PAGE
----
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What Zappos has planned for RideShop

The Zappos RideShop buying
The Zappos RideShop buying team (L to R): Chris Peake (senior buyer), Mike Foley (merchandising assistant), Jim Copeland (buyer), Erika Copeland (buyer-kids), Lauren Glassman (assistant buyer), Kelly
By Tiffany Montgomery
September 09, 2008 5:41 AM

Zappos is increasingly doing more business in the action sports industry with RideShop, its site within a site that sells action sports apparel and goods from nearly every brand.

Many of us heard Zappos CEO Tony Hsieh speak at the SIMA Surf Summit in Cabo this year about the Zappos culture, but I also wanted to learn more about RideShop.

Asst. Buyer Josh Schlekewy answered my questions in collaboration with the buying team, several of whom were at ASR.

One especially interesting note: RideShop will move into selling snow hardgoods this holiday season.

Why did Zappos start Ride Shop?
Since Zappos inception in 1998, the focus of the business has always revolved around service to the customer. Offering "what the customer wants," has always been the primary business model for Zappos.com. The action sports industry was one of the initial categories brought on by our original buying team. From there, we put our heads together and decided to create a RideShop that is more stylistically focused on the interests of our target audience. We also wanted to create sort of a concept shop for the core customer so that when they click RideShop it has more of an appealing look and feel for that customer.

How is business going so far?
Business is good. As a category, the RideShop is up about 29 percent from last year. (Zappos overall) will hit our goal of $1 billion gross retail sales by the end of 2008.

Is there any difference in approach or techniques between the regular Zappos site and RideShop?
When it comes down to it, there is no real difference in operation or functionality between Zappos.com and the RideShop@Zappos.com. A good way to think of it would be as if Zappos were a shopping mall. One mall can have everything from sporting goods, to fashion boutiques, kids stores and skate/surf shops. We wanted to create a specialized "one stop shop" for the action sports customer to buy whatever they want in a comfortable online environment.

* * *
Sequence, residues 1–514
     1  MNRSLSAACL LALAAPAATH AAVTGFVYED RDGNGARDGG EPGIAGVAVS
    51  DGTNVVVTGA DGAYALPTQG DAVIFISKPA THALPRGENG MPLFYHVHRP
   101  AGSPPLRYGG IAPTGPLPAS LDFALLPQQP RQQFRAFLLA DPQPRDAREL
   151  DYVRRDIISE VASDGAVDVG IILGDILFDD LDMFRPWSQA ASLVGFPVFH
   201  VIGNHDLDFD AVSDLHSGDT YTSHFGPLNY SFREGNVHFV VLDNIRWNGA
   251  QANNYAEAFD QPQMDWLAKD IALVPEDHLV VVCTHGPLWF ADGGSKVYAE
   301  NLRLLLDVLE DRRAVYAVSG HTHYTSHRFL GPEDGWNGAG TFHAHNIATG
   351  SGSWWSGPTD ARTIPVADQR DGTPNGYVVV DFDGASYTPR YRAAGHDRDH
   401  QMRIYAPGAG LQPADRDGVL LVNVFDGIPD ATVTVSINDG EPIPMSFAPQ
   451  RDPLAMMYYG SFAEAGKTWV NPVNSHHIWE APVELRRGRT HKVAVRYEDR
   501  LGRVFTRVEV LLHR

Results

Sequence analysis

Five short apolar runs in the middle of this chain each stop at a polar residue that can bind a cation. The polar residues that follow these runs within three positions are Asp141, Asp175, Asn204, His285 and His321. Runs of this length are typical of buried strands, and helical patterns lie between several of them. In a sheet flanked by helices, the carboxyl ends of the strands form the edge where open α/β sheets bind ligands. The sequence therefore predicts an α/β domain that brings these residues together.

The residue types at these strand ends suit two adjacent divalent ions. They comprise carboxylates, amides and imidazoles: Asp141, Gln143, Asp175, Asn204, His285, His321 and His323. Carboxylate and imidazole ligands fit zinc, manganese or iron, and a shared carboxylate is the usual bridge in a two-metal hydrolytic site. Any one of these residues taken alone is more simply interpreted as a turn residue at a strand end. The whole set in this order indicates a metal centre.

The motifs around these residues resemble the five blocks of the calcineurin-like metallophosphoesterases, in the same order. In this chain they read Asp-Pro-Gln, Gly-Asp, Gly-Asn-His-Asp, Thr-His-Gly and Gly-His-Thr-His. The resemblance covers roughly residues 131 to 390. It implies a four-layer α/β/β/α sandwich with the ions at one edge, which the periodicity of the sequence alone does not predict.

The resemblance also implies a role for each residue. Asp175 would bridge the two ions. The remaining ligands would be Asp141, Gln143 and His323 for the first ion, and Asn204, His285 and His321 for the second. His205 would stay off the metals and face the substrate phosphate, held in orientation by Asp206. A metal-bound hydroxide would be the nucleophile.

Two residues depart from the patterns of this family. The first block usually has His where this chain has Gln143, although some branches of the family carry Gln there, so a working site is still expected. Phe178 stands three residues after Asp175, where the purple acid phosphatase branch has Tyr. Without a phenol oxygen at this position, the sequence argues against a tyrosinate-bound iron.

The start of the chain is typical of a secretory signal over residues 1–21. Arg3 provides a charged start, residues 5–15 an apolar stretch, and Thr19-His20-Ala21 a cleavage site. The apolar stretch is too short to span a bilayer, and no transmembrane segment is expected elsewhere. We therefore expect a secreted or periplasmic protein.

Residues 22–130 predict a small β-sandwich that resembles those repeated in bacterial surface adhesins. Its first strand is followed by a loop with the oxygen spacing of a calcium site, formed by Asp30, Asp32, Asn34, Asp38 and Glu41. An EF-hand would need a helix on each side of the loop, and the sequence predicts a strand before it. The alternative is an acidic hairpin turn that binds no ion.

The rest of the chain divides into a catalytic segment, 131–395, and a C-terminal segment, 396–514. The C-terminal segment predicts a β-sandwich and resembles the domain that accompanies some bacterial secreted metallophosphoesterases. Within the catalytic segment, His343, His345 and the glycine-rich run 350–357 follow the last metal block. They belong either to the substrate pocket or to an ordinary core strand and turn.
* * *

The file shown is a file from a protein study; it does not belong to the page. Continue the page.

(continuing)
How big revenue-wise do you think RideShop can be?
To come up with a dollar amount would be almost impossible. We believe that customers are continuously becoming more tech savvy and are equally becoming more reluctant to travel all over the place to go shopping. We take pride on offering a wide variety of products with the highest standards of customer service. In most circumstances, customers can order from us at 1 p.m. Pacific time and have their order on their door step ready for their weekend surf trip less than 24 hours later. That being said, we truly believe that the possibilities are limitless.

I have heard some retailers in the action sports industry say they can't compete with the Zappos offer of free shipping both ways and lower prices. If you met these retailers, what would be your response to that sentiment?
It comes down to customer service. Take away the shoes, apparel, watches and eyewear, and we simply provide a quality service to our customers. As far as prices go we are a full margin retailer and consider ourselves to be very competitive with price and what's going on in the marketplace. We are extremely open to our competitors and encourage them to thrive in their business. Competition is healthy and is the only way our industry can progress.

Any brands, trends or categories that are doing particularly well lately?
Since apparel is somewhat of a new category for us we are making a bigger push there for 2009. Also we are very excited to launch snow hardgoods this holiday season. We are offering a complete snow package (boards and bindings) to complement our existing boots, goggles, and outerwear program. The apparel category (overall at Zappos) has really started to develop for us and we are hoping to make it 15 percent of our total company's sales next year.


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